Nike Senior Color Designer Jenn Scholes had a life-changing design experience with the Doernbecher Freestyle project.
2013 was a special year for the Doernbecher Freestyle project and Senior Color Designer Jenn Scholes and alike. It marked 10 years at Nike for Jenn, as well as the 10-year anniversary of the Freestyle program. It was the first year the program welcomed twins, teenagers, and mental health patients – all of which were represented by Kira Smith and her twin sister Kate. The sisters both suffered from extreme OCD, which manifested itself in many ways often dismissed as syndromes of teenage girls – competition, extreme emotions, and eating disorders. Doernbecher was a relief to the family as the first to identify the condition for what it really was, and the twins were admitted to the hospital and both participated in the Freestyle program.
Jenn felt that her placement in the program at that particular time, with both her own milestone and the leaps of the program, was fate. The opportunity to shake up her design routine while making a huge impact on a dynamic and talented individual was life-changing, and to this day she constantly encourages her fellow Nike designers and producers to take part in the program as well.
Jenn shared her experience and takeaways at Design Museum Mornings this September, and her insights were quite astounding.
Expressing individuality is challenging, yet essential
One of Jenn’s greatest challenges in working with Kira was to identify her individuality; something Kira battled with for years as part of her mental health struggle and close sisterhood. After many ideas that didn’t seem quite “Kira,” Jenn set her on a mission: dress up for a photo shoot to express her fashion style. The real Kira was finally unveiled in black, red, and white Victorian-inspired attire with touches of bows, ribbons, and feminine flair – this is what Jenn had been waiting for. Taking these fashion inspirations and adding Kira’s constantly-recited favorite author, Lewis Carrol, Jenn and Kira designed a superbly unique Alice-In-Wonderland-Meets-Victorian-Fashion shoe that was uniquely Kira.
Mentor/Mentee relationships benefit both parties involved
The positive impact of mentorship during a development period, be it personal or professional, is not a secret. What is often missed, however, is the influential experience of taking on a role as a mentor. Though the pressures of a fast-paced job and obligations of life and family did not let up, Jenn’s participation in the program was one that gave her an unmatched reward, even reinvigorating her passion as a designer. The stark contrast between the demands of a corporate design job and working one-on-one with a fashionista fighting OCD broadened Jenn’s outlook on the possibilities of what design can mean to people from all walks of life.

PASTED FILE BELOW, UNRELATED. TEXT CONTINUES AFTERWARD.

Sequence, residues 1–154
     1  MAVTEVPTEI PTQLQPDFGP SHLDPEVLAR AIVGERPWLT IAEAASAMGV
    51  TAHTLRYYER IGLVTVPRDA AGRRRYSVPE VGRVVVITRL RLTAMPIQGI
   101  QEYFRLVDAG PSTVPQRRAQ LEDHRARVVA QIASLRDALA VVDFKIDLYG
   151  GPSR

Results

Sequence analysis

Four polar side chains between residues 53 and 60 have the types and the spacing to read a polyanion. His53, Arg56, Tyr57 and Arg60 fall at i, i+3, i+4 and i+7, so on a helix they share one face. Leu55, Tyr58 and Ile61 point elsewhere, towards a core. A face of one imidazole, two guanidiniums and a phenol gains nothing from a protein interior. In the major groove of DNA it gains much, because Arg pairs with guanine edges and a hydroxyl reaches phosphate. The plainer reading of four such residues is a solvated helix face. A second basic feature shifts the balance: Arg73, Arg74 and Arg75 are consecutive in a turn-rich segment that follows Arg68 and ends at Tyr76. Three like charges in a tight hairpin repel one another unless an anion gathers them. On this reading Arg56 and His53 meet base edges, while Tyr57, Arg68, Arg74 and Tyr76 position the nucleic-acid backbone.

Designing for one does not equal designing for masses
Nike apparel is used by people of all genders, physical abilities, and ethnic backgrounds. Designers are typically working within a “bucket” to design a particular item – one large bucket consisting of millions of people. The drastic difference for Jenn when working with Kira was designing for one person, which meant approaching the design in a completely new way. Once Kira’s unique style was identified, Jenn had a field day with colors and materials, pulling out fabrics of lace and patent leather that typically sat untouched; unusable for the “bucket.” This special situation of designing one shoe with – not for – one person allowed Jenn to think in ways she hadn’t for years; the experience that designers and artists reminisce on and crave once they hit the “real world.”
The power of community
Perhaps the most important component to the story of Jenn and Kira is the story of now. Almost five years after her participation in the Freestyle program, Kira is a college graduate pursuing a career in fashion design of her own. While her interest in the industry might have flourished independently over time, the intense satisfaction of seeing an creative idea come to fruition was offered to Kira at a very young age with the support of a major organization. Every patient that participates in the Doernbecher Freestyle is also exposed to the powerful impact of community; after the design and production takes place, the program hosts an annual auction for that year’s sneakers, sometimes resulting in $60,000+ bids. Portland is uniquely positioned to allow for a top international brand to partner with a local, nationally-ranked hospital to impact the lives of patients through design.
A huge thank you to both Jenn Scholes and Wacom Experience Center for this wonderful event!
Design Museum Mornings happen every month! Join us for VR For The People with Shelley Midthun on October 20th!